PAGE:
The slice serve (right) is most effective on courts with low ceilings and, on any court, as a change of pace. The ball is tossed up and to the right, while the racket is taken back to the right side, the racket head being raised to about shoulder height. As the ball is struck, the strings are drawn sharply across it, from right to left, imparting a vigorous spin. Aim point is just above the service line.
THE HARD SERVE
Of the three basic squash serves—lob, slice and hard—the last most nearly approximates the serve in tennis. Serving to a receiver in the right court, the player puts his right foot in the left quarter circle, his left foot outside the quarter circle and in front of the floor service line. Facing the front wall, he tosses the ball up so that it can be hit at a point above his right shoulder. At the top of the ball's trajectory, he brings the racket forward in a throwing motion. The ball should be hit flat and aimed low—as close to the front-wall service line as possible. Breaking the wrist as the ball is hit adds power. To serve to the left court, the server places his right foot inside the right quarter circle and proceeds as before. The hard serve is useful against an opponent perplexed by its speed or against a tired opponent.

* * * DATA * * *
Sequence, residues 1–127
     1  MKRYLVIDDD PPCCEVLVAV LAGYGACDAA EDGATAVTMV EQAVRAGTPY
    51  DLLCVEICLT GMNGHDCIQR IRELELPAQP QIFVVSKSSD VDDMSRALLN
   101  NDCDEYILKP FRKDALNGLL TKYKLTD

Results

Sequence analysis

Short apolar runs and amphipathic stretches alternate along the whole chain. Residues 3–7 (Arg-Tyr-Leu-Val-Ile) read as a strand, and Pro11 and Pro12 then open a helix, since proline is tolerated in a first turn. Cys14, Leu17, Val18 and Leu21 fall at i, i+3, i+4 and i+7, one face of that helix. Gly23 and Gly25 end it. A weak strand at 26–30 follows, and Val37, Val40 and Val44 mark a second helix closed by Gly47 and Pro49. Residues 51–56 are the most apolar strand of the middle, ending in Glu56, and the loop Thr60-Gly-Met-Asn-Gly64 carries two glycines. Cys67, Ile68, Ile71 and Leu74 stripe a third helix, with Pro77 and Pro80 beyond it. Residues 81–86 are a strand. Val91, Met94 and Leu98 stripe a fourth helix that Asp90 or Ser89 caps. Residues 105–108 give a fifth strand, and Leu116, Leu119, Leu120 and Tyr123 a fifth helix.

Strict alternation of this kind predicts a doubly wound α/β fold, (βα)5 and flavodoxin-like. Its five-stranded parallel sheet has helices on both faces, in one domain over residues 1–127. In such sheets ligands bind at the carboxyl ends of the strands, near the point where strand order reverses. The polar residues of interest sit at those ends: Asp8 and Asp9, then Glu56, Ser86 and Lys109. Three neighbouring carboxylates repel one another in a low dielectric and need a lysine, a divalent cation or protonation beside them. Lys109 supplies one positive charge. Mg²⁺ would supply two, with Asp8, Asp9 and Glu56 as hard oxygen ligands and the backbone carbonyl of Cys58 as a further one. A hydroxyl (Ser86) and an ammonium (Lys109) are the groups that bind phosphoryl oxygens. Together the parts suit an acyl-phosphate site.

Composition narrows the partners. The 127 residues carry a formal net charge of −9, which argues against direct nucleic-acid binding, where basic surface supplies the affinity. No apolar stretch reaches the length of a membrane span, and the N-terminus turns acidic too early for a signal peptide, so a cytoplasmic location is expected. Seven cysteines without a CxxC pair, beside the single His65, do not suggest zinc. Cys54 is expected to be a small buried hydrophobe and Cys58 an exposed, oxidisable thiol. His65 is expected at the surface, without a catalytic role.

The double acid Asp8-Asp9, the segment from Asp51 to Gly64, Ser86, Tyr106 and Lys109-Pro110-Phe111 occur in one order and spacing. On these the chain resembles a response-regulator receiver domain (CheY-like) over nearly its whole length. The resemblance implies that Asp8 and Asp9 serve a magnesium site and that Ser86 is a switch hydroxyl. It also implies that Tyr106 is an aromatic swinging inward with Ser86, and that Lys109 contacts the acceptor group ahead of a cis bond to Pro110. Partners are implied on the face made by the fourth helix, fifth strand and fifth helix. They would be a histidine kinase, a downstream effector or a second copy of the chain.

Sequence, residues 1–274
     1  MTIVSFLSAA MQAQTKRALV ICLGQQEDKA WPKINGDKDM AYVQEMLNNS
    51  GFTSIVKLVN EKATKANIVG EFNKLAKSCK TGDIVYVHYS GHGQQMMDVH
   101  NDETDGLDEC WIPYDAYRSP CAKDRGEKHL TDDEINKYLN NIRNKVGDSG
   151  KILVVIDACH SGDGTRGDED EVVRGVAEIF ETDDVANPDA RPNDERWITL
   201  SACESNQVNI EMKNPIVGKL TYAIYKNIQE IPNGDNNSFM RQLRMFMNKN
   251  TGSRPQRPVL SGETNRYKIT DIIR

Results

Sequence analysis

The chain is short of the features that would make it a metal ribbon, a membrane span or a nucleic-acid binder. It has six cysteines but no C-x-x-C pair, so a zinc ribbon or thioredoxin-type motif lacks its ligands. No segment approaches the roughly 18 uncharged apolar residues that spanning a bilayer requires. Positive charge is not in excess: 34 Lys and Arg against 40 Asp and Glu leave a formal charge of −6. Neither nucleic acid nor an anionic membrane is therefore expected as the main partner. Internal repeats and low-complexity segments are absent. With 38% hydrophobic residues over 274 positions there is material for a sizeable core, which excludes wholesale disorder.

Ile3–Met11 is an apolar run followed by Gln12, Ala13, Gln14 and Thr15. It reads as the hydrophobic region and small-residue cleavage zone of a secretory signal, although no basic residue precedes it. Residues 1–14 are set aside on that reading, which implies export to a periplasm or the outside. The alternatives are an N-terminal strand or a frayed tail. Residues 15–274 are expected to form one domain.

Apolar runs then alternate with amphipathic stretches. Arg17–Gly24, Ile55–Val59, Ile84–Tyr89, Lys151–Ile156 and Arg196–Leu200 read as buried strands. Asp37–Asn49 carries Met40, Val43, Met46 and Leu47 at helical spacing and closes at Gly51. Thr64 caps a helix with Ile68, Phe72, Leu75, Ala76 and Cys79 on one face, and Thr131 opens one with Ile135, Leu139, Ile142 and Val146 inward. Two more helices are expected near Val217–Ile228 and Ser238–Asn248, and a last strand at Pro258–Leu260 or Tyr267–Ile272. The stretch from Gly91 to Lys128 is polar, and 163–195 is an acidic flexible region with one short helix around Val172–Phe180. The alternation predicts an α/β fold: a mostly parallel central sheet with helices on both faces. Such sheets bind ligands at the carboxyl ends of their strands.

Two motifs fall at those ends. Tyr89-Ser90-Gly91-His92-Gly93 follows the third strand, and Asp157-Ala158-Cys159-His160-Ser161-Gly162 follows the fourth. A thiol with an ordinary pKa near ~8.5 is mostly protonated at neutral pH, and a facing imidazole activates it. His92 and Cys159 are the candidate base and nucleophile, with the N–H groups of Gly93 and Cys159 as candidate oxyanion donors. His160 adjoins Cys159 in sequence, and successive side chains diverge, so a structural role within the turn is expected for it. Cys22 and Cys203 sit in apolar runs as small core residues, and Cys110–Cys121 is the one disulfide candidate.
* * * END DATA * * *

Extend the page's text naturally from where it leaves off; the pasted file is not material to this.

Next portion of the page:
To receive a serve, a player in the left court faces the side wall nearer him, heels about three inches inside the center service line, watching the server and expecting to take the serve on his backhand. In the right court, the position is similar, but the player receiving in this court will expect to take the served ball on his forehand.
BACKING ON A BACKHAND
Squash is a game of guile as well as speed, anticipation and endurance. The position of each player is constantly dependent on the position of the other. Because of the fast pace of the game, there sometimes seems to be little room for either. As shown in the sample situation above, this can often be turned to tactical advantage. The player in the white shirt has hit a bad shot that has come far off the back wall. The dark-shirted player, aware that his opponent must give him room to swing for a hard down-court shot, delays his stroke to block his opponent and force him out of position in center court, setting up an easy placement.